DateTime::Format::Epoch - Convert DateTimes to/from epoch seconds
use DateTime::Format::Epoch; my $dt = DateTime->new( year => 1970, month => 1, day => 1 ); my $formatter = DateTime::Format::Epoch->new( epoch => $dt, unit => 'seconds', type => 'int', # or 'float', 'bigint' skip_leap_secondss => 1, start_at => 0, local_epoch => undef, ); my $dt2 = $formatter->parse_datetime( 1051488000 ); # 2003-04-28T00:00:00 $formatter->format_datetime($dt2); # 1051488000
This module can convert a DateTime object (or any object that can be converted to a DateTime object) to the number of seconds since a given epoch. It can also do the reverse.
new( ... )
Constructor of the formatter/parser object. It can take the following parameters: "epoch", "unit", "type", "skip_leap_seconds", "start_at", "local_epoch" and "dhms".
The epoch parameter is the only required parameter. It should be a DateTime object (or at least, it has to be convertible to a DateTime object). This datetime is the starting point of the day count, and is usually numbered 0. If you want to start at a different value, you can use the start_at parameter.
The unit parameter can be "seconds", "milliseconds, "microseconds" or "nanoseconds". The default is "seconds". If you need any other unit, you must specify the number of units per second. If you specify a number of units per second below 1, the unit will be longer than a second. In this way, you can count days: unit => 1/86_400.
The type parameter specifies the type of the return value. It can be "int" (returns integer value), "float" (returns floating point value), or "bigint" (returns Math::BigInt value). The default is either "int" (if the unit is "seconds"), or "bigint" (if the unit is nanoseconds).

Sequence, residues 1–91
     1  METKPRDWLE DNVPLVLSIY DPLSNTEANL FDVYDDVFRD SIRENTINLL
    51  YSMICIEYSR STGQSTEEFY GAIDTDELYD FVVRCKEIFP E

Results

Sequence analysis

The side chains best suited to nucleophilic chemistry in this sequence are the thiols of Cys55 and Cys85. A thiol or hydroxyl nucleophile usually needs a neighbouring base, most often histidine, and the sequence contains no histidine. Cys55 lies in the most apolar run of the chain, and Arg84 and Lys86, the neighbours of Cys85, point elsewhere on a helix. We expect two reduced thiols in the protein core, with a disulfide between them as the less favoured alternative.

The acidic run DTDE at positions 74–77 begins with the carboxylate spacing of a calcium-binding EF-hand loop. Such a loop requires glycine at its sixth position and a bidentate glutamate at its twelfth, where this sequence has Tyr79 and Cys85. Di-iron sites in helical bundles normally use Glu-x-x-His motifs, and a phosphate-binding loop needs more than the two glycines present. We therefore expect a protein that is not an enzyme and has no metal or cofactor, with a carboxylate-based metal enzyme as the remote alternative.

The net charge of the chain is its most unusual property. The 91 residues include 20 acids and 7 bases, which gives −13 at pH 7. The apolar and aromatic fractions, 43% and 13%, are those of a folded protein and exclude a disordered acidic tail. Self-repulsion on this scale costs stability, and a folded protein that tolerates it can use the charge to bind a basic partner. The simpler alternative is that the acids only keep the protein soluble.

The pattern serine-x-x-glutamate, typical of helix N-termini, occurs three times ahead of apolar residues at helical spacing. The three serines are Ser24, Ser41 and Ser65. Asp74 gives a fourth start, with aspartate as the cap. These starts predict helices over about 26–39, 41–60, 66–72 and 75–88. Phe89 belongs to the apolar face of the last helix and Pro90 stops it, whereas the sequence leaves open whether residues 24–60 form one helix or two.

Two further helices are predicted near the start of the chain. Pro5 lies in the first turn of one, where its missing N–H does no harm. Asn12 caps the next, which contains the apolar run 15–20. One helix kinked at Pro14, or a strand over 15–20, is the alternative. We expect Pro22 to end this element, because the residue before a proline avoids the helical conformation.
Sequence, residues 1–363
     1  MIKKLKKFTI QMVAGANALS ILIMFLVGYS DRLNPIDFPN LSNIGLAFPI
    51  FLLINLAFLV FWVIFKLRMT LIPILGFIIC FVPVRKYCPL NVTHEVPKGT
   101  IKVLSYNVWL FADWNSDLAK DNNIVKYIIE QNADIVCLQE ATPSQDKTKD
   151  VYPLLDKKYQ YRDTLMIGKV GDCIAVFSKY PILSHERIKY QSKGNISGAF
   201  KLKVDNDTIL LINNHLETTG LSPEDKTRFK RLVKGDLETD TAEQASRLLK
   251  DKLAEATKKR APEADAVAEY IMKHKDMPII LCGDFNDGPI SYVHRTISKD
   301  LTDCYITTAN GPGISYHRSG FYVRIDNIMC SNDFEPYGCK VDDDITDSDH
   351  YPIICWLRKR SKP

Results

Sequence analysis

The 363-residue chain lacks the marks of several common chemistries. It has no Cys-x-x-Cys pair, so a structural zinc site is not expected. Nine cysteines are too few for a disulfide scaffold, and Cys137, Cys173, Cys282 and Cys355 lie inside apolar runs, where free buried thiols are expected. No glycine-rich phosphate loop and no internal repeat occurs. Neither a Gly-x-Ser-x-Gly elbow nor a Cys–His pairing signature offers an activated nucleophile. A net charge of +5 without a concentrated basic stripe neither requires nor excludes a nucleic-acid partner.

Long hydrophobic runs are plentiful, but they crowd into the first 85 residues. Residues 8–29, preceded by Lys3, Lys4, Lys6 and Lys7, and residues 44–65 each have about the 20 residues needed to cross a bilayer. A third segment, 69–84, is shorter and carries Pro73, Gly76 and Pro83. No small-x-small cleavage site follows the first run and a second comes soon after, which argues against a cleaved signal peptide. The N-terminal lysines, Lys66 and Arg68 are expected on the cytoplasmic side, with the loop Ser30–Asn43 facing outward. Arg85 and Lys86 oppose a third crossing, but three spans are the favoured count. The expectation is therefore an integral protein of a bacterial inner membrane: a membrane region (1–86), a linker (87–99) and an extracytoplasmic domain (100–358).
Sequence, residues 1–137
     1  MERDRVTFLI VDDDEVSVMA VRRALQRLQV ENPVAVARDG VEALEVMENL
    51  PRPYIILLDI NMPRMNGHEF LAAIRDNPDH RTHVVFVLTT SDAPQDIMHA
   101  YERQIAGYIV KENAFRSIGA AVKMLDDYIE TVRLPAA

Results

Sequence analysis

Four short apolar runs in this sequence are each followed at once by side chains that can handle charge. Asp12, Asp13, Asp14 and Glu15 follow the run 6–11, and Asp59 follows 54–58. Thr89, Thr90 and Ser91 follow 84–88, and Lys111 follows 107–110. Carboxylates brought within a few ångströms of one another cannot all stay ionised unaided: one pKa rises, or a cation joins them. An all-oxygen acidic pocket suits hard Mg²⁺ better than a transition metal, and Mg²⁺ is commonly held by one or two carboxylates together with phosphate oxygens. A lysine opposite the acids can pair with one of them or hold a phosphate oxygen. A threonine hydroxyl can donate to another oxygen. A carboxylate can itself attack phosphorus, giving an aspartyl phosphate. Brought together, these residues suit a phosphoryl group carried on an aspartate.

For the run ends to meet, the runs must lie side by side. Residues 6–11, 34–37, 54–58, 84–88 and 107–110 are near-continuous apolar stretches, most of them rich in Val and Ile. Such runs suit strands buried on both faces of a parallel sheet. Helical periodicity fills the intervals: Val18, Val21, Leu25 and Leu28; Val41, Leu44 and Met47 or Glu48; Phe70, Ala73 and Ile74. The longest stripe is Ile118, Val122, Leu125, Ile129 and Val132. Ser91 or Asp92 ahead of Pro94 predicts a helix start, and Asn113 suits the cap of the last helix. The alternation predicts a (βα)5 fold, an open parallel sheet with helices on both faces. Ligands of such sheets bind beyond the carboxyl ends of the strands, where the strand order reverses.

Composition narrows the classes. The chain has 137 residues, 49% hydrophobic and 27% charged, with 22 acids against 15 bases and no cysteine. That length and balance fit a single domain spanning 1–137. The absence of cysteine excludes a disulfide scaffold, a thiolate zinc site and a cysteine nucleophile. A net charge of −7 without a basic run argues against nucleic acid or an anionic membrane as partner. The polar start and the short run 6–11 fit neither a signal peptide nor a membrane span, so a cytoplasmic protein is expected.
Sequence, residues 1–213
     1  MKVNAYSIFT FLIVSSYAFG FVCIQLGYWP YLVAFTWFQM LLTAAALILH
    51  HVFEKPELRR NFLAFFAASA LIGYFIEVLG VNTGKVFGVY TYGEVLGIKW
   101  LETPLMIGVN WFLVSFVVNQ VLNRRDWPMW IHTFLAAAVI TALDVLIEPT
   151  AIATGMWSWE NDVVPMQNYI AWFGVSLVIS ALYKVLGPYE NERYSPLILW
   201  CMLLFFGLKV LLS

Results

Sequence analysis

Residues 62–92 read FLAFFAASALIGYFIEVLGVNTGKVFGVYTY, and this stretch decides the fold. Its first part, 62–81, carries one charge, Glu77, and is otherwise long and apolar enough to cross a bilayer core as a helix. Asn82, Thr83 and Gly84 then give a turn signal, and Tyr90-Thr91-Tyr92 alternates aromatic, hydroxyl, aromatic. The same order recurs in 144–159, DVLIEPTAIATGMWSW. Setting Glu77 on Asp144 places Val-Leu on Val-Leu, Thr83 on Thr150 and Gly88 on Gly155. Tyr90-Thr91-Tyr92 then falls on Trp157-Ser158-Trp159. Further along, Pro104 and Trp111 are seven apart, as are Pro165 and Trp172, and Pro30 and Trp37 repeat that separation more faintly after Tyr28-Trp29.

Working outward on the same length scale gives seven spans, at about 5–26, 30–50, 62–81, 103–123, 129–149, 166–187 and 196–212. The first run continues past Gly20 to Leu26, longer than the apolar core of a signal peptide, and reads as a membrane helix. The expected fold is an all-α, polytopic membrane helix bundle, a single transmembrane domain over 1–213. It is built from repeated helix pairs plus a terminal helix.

The default behaviour of this module is to skip leap seconds. This is what (most versions of?) UNIX do. If you want to include leap seconds, set skip_leap_seconds to false.
Some operating systems use an epoch defined in the local timezone of the computer. If you want to use such an epoch in this module, you have two options. The first is to submit a DateTime object with the appropriate timezone. The second option is to set the local_epoch parameter to a true value. In this case, you should submit an epoch with a floating timezone. The exact epoch used in
format_datetimewill then depend on the timezone of the object you pass to
Most often, the time since an epoch is given in seconds. In some circumstances however it is expressed as a number of days, hours, minutes and seconds. This is done by NASA, for the so called Mission Elapsed Time. For example, 2/03:45:18 MET means it has been 2 days, 3 hours, 45 minutes, and 18 seconds since liftoff. If you set the dhms parameter to true, format_datetime returns a four element list, containing the number of days, hours, minutes and seconds, and parse_datetime accepts the same four element list.
Given a DateTime object, this method returns the number of seconds since the epoch.
Given a number of seconds, this method returns the corresponding DateTime object.
I think there's a problem when you define a count that does not skip leap seconds, and uses the local timezone. Don't do that.
Support for this module is provided via the firstname.lastname@example.org email list. See http://lists.perl.org/ for more details.
Eugene van der Pijll <email@example.com>
Copyright (c) 2003-2006 Eugene van der Pijll. All rights reserved. This program is free software; you can redistribute it and/or modify it under the same terms as Perl itself.
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